A special place

"If I take the wings of the morning, and dwell in the uttermost parts of the sea, it is a special place where I spend my afternoon."

Tuesday, February 4, 2014

Winter Tides

Low tide at the estuary
   I went to the island estuary the other day and there was no doubt, the winter tides were finally happening.  This means the tides are extremely low, and the treasures that have been under water all summer, are finally revealed.
Tupelo trees on the river at low tide
   Put simply, tides are the rise and fall of sea levels. They're the result of the gravitational pull exerted by the moon and the sun, combined with the rotation of the earth. But, there are other factors. The shape of the coastline, and the wind can also effect the tides. All factors, occurring over a period of time, in a certain area, are called tidal constituents. The tidal constituents around St. George Island, in the winter, result in very low water levels. 
   I've asked a lot of the "old salts" in the area, why the tides are so much lower in the winter than any other time of the year.

No fishing today!
They've told me it's because of the direction and strength of the wind. In the winter, the winds blow mainly out of the north. They're strong winds that pull the water out away from the shore. Whatever the cause, being a devout beachcomber, I love this time of year. And since living here will be a constant  learning process, anyone with more knowledge as to the cause of the extreme low winter tides, please let me know.
   Typically, there are two high tides and two low tides, every day. And more than likely, they're not going to be the same. In other words, the afternoon high tide may be higher than the morning high tide. Or the low tide in the morning will be lower than the one in the afternoon.
   In the summer, there's never a time you can't walk out on the dock and look down into the water. In the winter, that's not the case. Some mornings, when you look out to the bay, it looks like somebody pulled the plug!
Low tide and boats can be a little tricky

   Obviously, the tides are something the fishermen have to keep a close eye on. This is true all year around, but more so in the winter. Apalachicola Bay can be very difficult to navigate. Along with the ever changing sand bars, and oyster bars, there are pieces of unmarked sunken debris, all sitting just below the surface, out of sight. These things can make it really tricky getting from one place to another, even with a high tide. And as I've found, from experience, the tides can change very quickly.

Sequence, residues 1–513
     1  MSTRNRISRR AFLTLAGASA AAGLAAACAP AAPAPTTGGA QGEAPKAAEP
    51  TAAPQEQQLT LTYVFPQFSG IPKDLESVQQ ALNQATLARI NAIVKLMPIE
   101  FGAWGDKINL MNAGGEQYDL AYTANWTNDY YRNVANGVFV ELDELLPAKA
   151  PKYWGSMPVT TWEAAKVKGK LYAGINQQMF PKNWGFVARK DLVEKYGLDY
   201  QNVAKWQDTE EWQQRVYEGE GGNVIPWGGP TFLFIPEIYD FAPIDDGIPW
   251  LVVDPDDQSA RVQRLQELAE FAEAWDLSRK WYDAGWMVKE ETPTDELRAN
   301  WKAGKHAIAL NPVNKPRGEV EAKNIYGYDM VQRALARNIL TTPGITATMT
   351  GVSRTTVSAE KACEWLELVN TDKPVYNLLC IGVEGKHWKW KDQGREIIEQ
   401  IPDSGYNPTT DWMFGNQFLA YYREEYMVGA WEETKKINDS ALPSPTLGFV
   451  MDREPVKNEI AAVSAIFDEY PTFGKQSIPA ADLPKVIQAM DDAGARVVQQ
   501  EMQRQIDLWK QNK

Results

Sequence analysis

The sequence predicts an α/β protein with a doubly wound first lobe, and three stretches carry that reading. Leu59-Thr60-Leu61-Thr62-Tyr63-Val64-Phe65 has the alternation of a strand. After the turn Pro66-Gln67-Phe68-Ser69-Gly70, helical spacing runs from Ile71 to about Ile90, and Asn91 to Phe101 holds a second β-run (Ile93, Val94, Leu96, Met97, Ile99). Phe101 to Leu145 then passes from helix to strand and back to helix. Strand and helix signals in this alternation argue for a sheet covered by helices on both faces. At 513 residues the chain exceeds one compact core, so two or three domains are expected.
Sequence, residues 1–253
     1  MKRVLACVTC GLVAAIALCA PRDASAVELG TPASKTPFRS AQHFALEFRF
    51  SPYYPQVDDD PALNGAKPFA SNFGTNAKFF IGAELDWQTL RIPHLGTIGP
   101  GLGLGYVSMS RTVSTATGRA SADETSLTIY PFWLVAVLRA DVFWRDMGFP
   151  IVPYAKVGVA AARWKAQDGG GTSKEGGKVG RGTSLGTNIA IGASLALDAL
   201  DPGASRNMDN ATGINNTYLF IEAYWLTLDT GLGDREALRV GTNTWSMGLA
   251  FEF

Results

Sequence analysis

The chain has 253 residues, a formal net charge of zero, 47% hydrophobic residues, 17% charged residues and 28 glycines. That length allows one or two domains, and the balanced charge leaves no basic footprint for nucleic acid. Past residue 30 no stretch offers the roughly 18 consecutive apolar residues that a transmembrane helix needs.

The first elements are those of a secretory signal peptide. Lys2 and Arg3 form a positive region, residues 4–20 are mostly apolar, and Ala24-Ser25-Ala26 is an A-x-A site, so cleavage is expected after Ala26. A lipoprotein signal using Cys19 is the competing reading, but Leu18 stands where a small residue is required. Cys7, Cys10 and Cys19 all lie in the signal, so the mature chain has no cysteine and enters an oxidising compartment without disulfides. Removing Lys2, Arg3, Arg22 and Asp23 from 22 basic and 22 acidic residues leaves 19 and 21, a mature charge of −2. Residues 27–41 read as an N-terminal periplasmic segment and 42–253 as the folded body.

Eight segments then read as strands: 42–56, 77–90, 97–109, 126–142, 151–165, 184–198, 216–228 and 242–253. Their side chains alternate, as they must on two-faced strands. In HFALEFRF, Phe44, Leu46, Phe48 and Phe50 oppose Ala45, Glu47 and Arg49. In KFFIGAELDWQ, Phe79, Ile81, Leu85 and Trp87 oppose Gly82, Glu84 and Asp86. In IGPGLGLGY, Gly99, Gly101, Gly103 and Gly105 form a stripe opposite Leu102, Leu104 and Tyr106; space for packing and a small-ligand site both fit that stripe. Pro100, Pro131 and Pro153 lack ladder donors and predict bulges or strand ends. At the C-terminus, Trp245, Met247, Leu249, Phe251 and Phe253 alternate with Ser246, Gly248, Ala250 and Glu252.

I had taken the boat over to Little St. George to go shelling. When I left the main island, in the morning, it was high tide. Low tide wasn't happening until later in the afternoon. So, as the day went on, I would periodically check on the boat to make sure it stayed well anchored on shore. But, I didn't realize that in less than an hour, the boat would go from sitting in the water, to being completely beached. Not wanting to sit and wait for the next high tide, I radioed  a friend with a bigger boat to pull me back out to the water. It was a lesson well learned and now I watch the tides a little more closely when I go out on the boat.
   But, another reason to keep a close eye on the tides, is because  the lower the tides, the more treasures you'll find on the beaches. Unfortunately, some of the best shelling is on beaches that you can only get to by boat, and when the tide is that low, you can't get there.
Cypress roots are exposed on the river.
   Every coastline offers up something different. Not only shells,but driftwood, artifacts from world war two, old bottles, and even arrowheads can be found, when the water recedes.  So, even without a boat, there's no shortage of shoreline on St. George, to discover what the Gulf of Mexico, Apalachicola Bay,  and even the rivers, have been hiding.
   I don't think I'll ever grow tired of seeing what the sea has to offer. Things that have traveled hundreds of miles and survived hundreds of years under the water. These are things you'll discover during the winter tides.                                                                                                                                                                                                                                                                                                                                                                                                                                                                                                                                                                                                                                                                                                                                     
* Hopefully, all the computer issues are resolved and I'm back in the blogging business. I hope you've hung in there and will be back to visit St. George Island again. " Island Life". The Mardi Gras parade post is coming soon. Welcome Back!

1 comment:

  1. The ocean shoreline is a treasure. glad to see you are well and on the shore. Hope you got your "sippy cup"!